ZahidHussain, Author & Senior Fellow Jinnah Institute
The suicide attack on a convoy of Indian paramilitary forces in Kashmir that killed more than 40 soldiers has brought the two nuclear-armed nations to the brink of conflagration. Blaming Pakistan for sponsoring the attack, Indian Prime Minister NarendraModi has vowed to retaliate with full force. The timing of the attack, the worst in the last four decades, is ominous. With Indian general elections only months away, the response from the Modi government has been predictable. There have already been indications of increased Indian military manoeuvring along the Line of Control (LOC) to garner support in the Hindi belt where Modi’s party is facing formidable challenges from the opposition alliance. Responsibility for the attack was claimed by Jaish-e-Muhammad (JeM), an outlawed militant group that began in Pakistan, and so the finger is being pointed outwards despite the fact that the attacker is, in fact, a homegrown militant. It is also questionable whether the militant group indeed has the capacity to launch cross-border attacks of such magnitude. Several Indian security experts have already said it could not have been possible to bring such massive amounts of explosives through border infiltration. It is also evident that most Kashmiris involved in militant attacks are not coming from across the Pakistani border. Kashmiris are turning to militancy because of the suppression of democratic rights and growing state brutality. Hundreds of young Kashmiris have been killed in the last four years, ever since the Modi government came to power in 2014. Ultimately, India is pursuing a policy that some analysts describe as vertical and horizontal escalation against Pakistan, and this includes toying with the idea of military strikes. Any military adventurism by India will be a costly gamble. Such reckless action could easily spiral out of control and turn into full-blown military confrontation. The calculation underlying India’s policy escalation is that India can afford brinkmanship given its growing global influence. But cross-border military strikes could have serious ramifications for the region and beyond.
AmmaraDurrani, Public Policy Specialist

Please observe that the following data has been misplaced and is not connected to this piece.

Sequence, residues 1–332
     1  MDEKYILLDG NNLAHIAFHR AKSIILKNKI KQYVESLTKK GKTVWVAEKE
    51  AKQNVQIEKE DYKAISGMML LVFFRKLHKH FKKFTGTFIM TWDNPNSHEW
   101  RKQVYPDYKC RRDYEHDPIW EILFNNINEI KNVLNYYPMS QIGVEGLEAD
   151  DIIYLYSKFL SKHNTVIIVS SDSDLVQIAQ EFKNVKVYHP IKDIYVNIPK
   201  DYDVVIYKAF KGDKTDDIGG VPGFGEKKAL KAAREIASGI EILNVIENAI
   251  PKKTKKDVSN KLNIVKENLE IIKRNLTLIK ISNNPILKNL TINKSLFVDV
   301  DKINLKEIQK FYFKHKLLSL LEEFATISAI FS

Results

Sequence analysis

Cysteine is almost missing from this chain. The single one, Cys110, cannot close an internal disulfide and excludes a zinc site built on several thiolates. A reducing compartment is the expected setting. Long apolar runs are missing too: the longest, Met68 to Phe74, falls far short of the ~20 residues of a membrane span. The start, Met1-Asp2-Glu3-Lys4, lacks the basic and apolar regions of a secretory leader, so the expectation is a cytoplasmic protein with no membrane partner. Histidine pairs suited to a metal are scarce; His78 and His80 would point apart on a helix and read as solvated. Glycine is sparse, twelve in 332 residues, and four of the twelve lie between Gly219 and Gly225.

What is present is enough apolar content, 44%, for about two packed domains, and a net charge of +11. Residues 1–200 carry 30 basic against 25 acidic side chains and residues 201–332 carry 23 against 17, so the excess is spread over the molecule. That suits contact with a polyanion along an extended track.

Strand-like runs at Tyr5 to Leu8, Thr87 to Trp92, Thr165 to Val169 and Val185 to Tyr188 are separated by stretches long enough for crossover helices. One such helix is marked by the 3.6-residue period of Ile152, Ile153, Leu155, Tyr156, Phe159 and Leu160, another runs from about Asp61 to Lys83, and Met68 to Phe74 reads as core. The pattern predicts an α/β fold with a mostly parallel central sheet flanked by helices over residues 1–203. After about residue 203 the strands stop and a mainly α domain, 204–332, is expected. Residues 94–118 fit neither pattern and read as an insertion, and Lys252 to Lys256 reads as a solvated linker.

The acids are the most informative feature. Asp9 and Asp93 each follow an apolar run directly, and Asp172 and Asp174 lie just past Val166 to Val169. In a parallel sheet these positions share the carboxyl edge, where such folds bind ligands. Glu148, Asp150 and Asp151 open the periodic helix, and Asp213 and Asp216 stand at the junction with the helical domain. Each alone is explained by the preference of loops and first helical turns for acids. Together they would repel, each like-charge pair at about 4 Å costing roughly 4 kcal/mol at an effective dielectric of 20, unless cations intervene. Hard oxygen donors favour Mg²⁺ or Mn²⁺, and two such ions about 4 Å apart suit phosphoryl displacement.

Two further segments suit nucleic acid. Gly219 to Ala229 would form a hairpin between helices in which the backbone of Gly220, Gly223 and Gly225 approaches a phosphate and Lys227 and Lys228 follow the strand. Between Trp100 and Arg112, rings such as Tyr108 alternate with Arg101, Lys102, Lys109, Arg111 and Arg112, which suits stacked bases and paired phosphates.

The post-Pulwama grandstanding between India and Pakistan is the latest in a series of zero-sum play-outs. Rather than inspiring either side away from brinkmanship, it further drags both countries down to predictable bilateral bluster. This shrill melodrama reflects the wounds of Occupied Kashmir and pushes the central question of justice for Kashmiris to the periphery. The now widely reported factors that led 20-year-old Kashmiri youth, Adil Ahmad Dar, to ultimately kill more than 40 Indian soldiers along with him, should have led to a hot-lined collaborated stand-back and coordinated counter-terrorism action, as per international CT frameworks. It should also have led to a backchannel aimed at qualified policy reflection on why India and Pakistan have repeatedly failed to control the menace of violent extremism. Never mind the familiar minority voices of sobriety calling for sober policy measures, Pulwama demonstrates an ugly reality of 21st century South-Asian geo-politics: domestic politics of aggression continues to trump modern-state approaches for trouble-shooting. If both countries continue to give political and electoral space to forces of bigotry and intolerance, and keep building arms and armies for instant aggression, the regional model will automatically remain that of war-on-demand. The question of crisis management, then, becomes fallacious. After two World Wars, Europe mastered the art of de-escalation and crisis mitigation as means to a larger, visionary end – prevent war and make it unusable, redundant as a rational policy choice for the continent. On the contrary, and since Kargil (1999), both our countries have done crisis management to varying degrees but towards what end? Twenty years of weary crisis management has led us to stalemate. Our jingoistic brand of crisis management has not broken this stalemated circle towards a tangent that could propel us onto a higher plane of imaginative statecraft for collaborative stability – the kind of permanent stability that could unlock the destinies of millions of Adils trapped in a death wish. We continue to anchor our crisis management approaches in war – rather than cooperation — as a permanent rational choice for national behaviour. Sadly, it is the stateless Kashmiris who bear the brunt of this self-defeating nation-state choice.